ST. LOUIS -- Gaby Sanchez reportedly failed a test for performance-enhancing drugs while at the University of Miami and was named in Biogenesis founder Tony Bosch's records, according to a book excerpt released Thursday in the Miami New Times.
The excerpt from the book, "Blood Sport: Alex Rodriguez, Biogenesis, and the Quest to End Baseball's Steroid Era," by New Times reporter Tim Elfrink and Newsday reporter Gus Garcia-Roberts, reports that Sanchez failed a test in October 2004 and was suspended for the Hurricanes' 2005 season. It also said Sanchez's name appeared in Bosch's record books in 2011, when Sanchez played for the Marlins.
Sanchez declined to comment.
"We cannot speak to the points raised in the article as that was nearly a decade ago and have no knowledge of the situation," the Pirates said Thursday in a statement. "What we do know, however, is that Gaby, like every other player in MLB, has been tested multiple times per year since the very strict policies and testing procedures were put in place. Gaby has passed every single time."
MLB began drug-testing with discipline for positive tests in 2004.
Involvement with Bosch's Miami-based Biogenesis anti-aging clinic led to suspensions for Ryan Braun -- Sanchez's teammate in college -- along with Nelson Cruz, Jhonny Peralta and Alex Rodriguez among others. The news of these associations, broken by a New Times report in January 2013, led to the suspensions in August 2013.
Sanchez's agent, Dan Horwits of the Beverly Hills Sports Council, said Thursday that Sanchez was cleared of wrongdoing by MLB's investigation into Biogenesis.
"There was no link between Gaby and Bosch," said Horwits, who added that Bosch and Sanchez have never met.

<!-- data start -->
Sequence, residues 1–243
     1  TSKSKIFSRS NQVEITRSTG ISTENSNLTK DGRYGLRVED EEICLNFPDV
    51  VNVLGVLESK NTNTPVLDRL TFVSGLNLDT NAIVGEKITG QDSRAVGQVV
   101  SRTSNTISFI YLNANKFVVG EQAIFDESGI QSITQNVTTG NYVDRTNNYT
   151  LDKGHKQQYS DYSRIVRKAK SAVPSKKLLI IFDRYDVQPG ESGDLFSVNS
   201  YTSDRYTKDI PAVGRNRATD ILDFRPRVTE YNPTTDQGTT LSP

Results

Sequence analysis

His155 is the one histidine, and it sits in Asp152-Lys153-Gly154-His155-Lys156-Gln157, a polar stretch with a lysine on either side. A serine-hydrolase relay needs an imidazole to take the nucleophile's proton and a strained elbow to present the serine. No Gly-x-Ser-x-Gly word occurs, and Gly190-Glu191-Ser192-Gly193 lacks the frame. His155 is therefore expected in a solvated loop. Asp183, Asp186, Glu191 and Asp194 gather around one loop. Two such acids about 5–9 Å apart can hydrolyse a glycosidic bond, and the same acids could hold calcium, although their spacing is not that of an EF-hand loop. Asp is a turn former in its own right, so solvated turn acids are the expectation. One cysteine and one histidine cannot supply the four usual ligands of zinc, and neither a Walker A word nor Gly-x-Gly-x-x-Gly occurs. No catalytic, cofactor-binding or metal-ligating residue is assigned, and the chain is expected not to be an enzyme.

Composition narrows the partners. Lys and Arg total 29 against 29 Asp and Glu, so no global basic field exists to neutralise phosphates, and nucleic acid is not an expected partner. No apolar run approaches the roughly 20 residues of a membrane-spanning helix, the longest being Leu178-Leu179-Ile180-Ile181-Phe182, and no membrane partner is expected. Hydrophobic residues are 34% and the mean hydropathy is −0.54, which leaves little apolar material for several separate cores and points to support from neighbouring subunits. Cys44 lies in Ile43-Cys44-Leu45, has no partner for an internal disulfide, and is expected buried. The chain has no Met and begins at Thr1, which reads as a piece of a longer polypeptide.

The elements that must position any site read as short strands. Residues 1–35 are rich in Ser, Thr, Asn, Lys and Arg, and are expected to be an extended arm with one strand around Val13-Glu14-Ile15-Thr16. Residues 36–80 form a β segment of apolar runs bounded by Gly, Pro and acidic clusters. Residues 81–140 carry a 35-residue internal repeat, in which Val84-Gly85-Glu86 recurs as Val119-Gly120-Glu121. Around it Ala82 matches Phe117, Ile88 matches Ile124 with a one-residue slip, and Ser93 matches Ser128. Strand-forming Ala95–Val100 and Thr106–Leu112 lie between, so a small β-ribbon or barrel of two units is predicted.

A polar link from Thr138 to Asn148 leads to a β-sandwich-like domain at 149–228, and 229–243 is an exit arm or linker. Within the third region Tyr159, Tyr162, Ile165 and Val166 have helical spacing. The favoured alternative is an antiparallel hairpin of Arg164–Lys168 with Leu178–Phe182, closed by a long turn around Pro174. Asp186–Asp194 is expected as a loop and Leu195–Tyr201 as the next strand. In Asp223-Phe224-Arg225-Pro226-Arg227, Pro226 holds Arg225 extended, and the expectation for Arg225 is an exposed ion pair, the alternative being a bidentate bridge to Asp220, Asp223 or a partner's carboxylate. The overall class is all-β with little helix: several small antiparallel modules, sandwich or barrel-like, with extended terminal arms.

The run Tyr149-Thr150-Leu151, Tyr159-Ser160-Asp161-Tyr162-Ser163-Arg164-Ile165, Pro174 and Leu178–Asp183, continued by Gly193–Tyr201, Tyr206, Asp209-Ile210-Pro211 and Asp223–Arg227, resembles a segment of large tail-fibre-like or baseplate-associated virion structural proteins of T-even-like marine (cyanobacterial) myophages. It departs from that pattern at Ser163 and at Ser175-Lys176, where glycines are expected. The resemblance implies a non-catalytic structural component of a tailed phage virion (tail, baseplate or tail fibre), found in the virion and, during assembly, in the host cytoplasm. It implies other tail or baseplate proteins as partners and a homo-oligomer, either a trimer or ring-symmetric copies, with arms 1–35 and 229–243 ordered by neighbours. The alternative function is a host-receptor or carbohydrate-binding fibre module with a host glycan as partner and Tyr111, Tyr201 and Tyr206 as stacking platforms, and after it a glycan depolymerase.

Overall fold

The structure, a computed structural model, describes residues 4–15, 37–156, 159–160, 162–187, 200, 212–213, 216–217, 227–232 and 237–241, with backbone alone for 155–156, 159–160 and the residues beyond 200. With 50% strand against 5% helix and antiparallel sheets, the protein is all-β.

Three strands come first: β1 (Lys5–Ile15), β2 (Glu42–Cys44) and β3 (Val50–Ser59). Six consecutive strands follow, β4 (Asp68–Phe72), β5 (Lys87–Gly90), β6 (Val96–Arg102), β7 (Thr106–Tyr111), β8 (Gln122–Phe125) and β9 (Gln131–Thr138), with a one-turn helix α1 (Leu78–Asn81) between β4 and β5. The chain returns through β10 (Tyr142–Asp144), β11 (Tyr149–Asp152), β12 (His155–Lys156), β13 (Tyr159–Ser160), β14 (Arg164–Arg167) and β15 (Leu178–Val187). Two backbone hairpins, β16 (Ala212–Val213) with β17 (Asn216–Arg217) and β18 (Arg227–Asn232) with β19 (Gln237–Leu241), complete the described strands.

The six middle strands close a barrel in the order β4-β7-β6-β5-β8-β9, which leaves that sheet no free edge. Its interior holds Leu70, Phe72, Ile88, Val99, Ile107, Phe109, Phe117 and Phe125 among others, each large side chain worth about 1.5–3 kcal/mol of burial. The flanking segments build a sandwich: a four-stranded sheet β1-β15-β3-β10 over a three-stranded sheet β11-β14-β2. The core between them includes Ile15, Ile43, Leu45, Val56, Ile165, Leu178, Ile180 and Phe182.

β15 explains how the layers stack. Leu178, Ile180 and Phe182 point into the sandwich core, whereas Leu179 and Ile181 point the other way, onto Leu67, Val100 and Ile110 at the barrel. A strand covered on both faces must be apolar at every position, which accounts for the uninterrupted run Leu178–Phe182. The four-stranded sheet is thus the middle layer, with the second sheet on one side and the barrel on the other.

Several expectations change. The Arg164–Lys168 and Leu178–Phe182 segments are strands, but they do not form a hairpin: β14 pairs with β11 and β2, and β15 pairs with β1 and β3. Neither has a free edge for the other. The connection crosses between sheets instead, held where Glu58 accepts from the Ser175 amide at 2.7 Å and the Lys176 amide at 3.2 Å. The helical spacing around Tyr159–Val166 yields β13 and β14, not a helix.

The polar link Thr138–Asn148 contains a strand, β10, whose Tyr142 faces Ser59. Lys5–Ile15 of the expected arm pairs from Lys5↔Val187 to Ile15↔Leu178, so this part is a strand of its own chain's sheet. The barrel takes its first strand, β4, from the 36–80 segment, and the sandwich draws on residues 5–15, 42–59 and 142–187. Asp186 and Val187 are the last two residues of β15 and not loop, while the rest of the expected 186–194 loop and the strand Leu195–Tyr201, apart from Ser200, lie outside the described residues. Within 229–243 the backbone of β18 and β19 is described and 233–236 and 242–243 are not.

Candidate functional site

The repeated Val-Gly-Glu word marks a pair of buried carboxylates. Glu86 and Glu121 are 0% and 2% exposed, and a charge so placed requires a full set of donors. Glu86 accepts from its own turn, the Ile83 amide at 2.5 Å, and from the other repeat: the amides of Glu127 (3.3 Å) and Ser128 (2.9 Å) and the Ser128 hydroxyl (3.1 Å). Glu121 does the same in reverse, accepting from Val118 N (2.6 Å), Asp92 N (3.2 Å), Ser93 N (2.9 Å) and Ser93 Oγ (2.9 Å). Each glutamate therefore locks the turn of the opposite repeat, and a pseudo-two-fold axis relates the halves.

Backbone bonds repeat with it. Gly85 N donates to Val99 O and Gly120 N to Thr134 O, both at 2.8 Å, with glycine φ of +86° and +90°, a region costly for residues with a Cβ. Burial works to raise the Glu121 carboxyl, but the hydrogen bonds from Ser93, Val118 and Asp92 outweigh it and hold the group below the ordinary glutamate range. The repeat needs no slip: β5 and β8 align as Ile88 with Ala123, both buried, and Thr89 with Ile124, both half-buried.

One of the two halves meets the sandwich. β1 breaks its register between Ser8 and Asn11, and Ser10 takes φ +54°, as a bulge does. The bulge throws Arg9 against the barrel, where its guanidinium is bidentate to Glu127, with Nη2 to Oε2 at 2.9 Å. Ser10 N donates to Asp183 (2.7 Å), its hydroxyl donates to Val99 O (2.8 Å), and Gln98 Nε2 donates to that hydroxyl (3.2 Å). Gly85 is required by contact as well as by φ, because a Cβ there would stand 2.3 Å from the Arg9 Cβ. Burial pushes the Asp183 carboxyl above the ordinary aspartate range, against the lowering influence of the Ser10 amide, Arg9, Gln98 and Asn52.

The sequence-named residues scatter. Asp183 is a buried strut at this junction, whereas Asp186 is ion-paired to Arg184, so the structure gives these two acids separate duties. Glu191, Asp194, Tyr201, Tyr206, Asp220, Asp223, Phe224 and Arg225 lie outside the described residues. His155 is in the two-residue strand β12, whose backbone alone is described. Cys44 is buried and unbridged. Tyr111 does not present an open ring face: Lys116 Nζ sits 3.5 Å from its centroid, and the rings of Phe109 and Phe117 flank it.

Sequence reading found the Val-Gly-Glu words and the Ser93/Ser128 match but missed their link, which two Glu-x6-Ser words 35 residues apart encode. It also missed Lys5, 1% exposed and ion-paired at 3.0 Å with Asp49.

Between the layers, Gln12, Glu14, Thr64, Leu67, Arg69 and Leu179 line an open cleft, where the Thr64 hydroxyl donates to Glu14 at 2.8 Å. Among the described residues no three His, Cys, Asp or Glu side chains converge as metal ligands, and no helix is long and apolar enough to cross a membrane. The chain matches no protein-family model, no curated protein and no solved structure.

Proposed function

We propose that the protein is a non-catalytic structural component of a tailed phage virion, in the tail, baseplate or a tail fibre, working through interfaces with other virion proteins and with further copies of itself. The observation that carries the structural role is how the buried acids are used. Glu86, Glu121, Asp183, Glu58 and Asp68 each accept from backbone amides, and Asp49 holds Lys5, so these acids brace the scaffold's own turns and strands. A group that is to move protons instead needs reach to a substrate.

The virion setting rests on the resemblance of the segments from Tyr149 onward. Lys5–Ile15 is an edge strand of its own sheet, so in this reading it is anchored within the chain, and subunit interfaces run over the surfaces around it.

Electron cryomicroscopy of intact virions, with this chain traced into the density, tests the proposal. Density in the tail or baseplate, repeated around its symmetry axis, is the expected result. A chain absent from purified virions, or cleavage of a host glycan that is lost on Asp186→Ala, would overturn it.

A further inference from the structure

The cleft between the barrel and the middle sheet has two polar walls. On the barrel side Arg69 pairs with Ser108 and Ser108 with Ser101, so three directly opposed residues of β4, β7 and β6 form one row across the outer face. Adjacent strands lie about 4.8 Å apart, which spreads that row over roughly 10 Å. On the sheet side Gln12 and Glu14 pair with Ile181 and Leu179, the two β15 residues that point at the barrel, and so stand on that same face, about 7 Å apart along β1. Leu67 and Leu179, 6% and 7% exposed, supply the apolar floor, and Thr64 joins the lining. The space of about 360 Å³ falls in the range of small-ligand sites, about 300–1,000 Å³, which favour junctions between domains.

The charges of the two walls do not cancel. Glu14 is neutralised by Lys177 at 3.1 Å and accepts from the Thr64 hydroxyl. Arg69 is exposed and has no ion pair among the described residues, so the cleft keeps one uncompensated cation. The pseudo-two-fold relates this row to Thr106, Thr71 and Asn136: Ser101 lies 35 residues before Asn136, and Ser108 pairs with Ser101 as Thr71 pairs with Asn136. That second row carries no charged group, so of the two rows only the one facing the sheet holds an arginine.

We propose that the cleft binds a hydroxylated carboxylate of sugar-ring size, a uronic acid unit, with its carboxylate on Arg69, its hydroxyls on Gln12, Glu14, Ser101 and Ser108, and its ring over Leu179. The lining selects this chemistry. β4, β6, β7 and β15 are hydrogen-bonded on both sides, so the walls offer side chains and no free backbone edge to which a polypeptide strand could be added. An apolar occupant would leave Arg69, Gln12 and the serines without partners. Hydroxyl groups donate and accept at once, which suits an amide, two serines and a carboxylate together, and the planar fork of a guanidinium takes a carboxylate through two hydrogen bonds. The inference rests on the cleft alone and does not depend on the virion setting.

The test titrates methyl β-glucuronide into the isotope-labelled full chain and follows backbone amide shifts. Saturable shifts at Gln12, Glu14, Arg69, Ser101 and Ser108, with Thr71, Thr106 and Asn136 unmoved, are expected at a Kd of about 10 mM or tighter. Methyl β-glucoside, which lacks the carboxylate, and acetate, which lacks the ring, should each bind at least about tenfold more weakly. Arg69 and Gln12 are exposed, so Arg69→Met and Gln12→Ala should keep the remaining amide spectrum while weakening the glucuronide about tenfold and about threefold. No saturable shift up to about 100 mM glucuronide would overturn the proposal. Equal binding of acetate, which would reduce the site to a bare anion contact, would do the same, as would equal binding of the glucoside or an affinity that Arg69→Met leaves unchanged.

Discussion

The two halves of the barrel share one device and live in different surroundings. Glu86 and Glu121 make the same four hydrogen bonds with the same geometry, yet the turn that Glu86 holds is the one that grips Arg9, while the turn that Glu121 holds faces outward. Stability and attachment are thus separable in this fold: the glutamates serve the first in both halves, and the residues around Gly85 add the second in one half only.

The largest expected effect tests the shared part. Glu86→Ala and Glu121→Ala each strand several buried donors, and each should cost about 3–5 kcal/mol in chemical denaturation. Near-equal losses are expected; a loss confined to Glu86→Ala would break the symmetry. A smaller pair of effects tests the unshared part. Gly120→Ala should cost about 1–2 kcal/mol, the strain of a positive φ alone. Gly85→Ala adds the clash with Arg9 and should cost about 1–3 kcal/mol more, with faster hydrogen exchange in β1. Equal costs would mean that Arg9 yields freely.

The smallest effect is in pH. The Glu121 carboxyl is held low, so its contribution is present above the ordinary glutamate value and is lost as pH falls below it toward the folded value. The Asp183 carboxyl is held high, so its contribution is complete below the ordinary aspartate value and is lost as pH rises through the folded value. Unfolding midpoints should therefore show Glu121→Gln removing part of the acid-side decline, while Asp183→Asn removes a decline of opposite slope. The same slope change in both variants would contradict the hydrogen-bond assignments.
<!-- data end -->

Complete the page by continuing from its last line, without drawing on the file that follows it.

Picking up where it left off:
Sanchez's name first surfaced in connection with Biogenesis in December, when an ESPN "Outside the Lines" report citing an unidentified source said MLB was investigating Sanchez because his name appeared in the Biogenesis documents. The records indicated that Bosch scheduled a 7 p.m. meeting Oct. 6, 2011, the report said. MLB did not pursue a case because Bosch told MLB Sanchez was not a client, ESPN reported.
Other players, such as Gio Gonzalez, appeared in Bosch's records but were not found to have acquired or used banned substances. An MLB spokesman said Thursday the league does not comment on specific allegations unless announcing a suspension.
The Pirates acquired Sanchez at the trade deadline in 2012.
According to the excerpt, which cites multiple unidentified sources that are confirmed on the record by Alfonso Otero, an area coach who runs camps at Miami and has known Sanchez for years, Sanchez failed a urine test for PEDs in the fall of 2004. He was suspended for the 2005 season, his junior year, but the Marlins selected him in the fourth round of the 2005 draft.
The excerpt cited two MLB officials as saying the league was aware of the positive test. It is not known what substance caused the failed test.
The Pirates recalled outfielder Jaff Decker from Class AAA Indianapolis and optioned right-hander Brandon Cumpton.
Cumpton started Wednesday, making a spot start in Gerrit Cole's place, and allowed four runs in 31/3 innings.
Decker will provide an extra outfield option while Starling Marte is on the bereavement list.
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